New End Theatre
The scandalous treatment of prisoners held for years at Guantanamo Bay in Cuba without charge is very much flavour of the week in north-west London. Hot on the heels of Guantanamo at the Tricycle, comes another world premiere selling itself on the back of this subject.
In fact, The Private Room is actually as much a play about unpleasant Wall Street traders as it is a dissection of American political intrigues.
On one side of the stage, the action takes place in the private back room of a restaurant near Wall Street presided over by Bernice Stegers' hero-worshipping Anna.
Her prize guests, Lawrence (Michael Hayden) and Tommy (James Howard) are "Masters of the Universe" who could have walked straight out of Bonfire Of the Vanities, although their characters are more reminiscent of those in Neil Labute's In the Company of Men.
These happy-go-lucky misogynists have no qualms about bending the rules a little to make even more money. As the play opens, they are in danger of being caught out by a junior employee, the underdressed Barbara Dempsey, played with great energy by Janet Kidder.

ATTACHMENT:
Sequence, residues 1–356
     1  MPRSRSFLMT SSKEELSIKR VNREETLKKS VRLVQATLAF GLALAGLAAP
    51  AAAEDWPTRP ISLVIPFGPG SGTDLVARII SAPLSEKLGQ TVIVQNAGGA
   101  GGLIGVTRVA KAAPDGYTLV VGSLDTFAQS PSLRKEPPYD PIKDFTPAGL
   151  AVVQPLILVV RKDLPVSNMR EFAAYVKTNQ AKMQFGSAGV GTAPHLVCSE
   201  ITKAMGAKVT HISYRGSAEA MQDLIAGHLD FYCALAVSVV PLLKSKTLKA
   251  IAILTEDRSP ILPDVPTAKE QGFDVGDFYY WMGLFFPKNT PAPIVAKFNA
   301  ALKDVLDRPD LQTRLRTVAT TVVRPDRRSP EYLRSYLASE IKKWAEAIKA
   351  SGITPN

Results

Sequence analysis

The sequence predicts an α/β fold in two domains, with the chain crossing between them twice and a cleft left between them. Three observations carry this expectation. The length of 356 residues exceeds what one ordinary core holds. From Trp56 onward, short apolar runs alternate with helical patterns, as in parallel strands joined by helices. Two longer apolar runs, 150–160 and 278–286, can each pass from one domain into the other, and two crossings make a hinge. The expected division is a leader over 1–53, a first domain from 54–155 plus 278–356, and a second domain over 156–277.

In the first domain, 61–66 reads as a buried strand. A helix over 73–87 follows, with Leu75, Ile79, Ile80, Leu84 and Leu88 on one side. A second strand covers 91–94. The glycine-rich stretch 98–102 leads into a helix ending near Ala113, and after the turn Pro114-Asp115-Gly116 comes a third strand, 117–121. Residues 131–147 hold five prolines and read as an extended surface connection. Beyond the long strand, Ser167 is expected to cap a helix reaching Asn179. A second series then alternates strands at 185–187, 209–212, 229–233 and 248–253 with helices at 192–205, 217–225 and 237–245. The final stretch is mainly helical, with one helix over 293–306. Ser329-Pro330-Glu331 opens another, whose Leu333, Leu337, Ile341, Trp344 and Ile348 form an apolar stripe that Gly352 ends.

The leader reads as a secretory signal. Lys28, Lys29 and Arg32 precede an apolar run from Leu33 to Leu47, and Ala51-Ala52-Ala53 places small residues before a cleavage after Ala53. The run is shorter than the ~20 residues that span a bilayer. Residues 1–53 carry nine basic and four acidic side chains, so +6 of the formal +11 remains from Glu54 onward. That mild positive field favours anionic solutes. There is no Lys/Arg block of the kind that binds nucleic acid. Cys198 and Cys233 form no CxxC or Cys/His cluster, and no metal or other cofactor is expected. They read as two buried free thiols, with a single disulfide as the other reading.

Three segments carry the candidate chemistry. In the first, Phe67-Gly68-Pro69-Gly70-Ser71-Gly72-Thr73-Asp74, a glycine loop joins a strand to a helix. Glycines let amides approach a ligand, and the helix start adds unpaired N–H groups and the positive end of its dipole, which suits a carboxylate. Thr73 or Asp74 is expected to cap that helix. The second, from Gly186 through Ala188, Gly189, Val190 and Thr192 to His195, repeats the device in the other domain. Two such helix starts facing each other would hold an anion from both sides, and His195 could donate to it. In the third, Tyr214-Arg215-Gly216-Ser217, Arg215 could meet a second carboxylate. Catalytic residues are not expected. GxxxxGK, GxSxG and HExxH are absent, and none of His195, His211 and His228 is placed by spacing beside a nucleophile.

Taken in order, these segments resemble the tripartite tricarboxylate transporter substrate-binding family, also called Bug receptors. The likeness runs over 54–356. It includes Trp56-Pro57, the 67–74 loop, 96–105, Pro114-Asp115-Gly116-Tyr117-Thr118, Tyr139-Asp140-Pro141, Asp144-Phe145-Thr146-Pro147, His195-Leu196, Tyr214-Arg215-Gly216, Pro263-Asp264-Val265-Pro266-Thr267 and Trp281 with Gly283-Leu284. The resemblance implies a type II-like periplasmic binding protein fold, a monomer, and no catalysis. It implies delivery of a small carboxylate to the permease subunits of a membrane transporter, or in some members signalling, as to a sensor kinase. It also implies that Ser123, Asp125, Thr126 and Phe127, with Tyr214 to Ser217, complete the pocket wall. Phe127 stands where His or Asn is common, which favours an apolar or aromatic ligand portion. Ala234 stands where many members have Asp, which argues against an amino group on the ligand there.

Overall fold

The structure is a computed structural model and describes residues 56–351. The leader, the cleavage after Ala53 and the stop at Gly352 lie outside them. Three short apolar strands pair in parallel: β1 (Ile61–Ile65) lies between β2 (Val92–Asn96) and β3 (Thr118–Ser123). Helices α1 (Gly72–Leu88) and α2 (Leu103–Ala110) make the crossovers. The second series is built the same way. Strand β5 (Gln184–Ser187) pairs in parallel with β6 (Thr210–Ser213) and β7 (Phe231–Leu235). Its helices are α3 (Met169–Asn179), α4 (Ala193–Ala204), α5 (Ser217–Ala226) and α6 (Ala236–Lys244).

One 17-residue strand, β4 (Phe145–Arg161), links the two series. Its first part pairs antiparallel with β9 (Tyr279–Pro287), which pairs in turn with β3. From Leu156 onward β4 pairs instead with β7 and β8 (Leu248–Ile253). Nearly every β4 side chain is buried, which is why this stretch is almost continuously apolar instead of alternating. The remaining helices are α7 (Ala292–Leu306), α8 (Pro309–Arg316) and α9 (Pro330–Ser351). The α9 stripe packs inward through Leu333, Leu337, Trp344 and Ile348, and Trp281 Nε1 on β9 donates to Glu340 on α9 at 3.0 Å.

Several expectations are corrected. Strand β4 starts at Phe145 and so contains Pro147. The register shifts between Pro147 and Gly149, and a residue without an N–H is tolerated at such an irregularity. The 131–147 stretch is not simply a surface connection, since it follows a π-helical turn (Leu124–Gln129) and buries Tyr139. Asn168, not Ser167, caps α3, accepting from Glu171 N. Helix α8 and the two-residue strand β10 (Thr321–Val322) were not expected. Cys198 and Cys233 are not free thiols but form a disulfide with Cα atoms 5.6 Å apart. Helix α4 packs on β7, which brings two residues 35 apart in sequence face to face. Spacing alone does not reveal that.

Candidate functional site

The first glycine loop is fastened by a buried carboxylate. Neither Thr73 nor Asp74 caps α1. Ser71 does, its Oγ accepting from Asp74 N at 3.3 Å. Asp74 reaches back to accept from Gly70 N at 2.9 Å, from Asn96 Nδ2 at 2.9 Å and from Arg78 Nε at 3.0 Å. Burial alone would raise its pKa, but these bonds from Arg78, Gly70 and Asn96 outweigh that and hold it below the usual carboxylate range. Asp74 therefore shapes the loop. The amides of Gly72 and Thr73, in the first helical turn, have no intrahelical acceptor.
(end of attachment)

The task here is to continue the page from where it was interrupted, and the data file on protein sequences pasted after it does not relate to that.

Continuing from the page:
The downward spiral of the lives and careers of the money men is paralleled by the action taking place stage left. In her spare time, their clerk moonlights as a military intelligence officer in the army reserve.
She takes a year out to become an interrogator and having been posted to Cuba, her poor victim is Richard Sumitro's Salman Bashir. It is not clear as to whether he has done anything wrong but by the end of the play, the interrogation that uses sex as a weapon at least as much as violence leads to his committing suicide by cutting a vein in his elbow.
The problem with The Private Room is that none of the characters are believable as rounded human beings and the plotting struggles to maintain coherence. Far too often, individuals will make statements that seem to be far more those of playwright Mark Lee than themselves.
Ultimately, there is no real sense of the glamour of making millions or the horror of being tortured.
Lee's original concept had scope to create a really powerful indictment of American foreign policy and as a by-product, attack the worst excesses of greed and capitalism. Sadly, for the most part he fails to deliver on either count.
This review originally appeared on Theatreworld in a slightly different version
Reviewer: Philip Fisher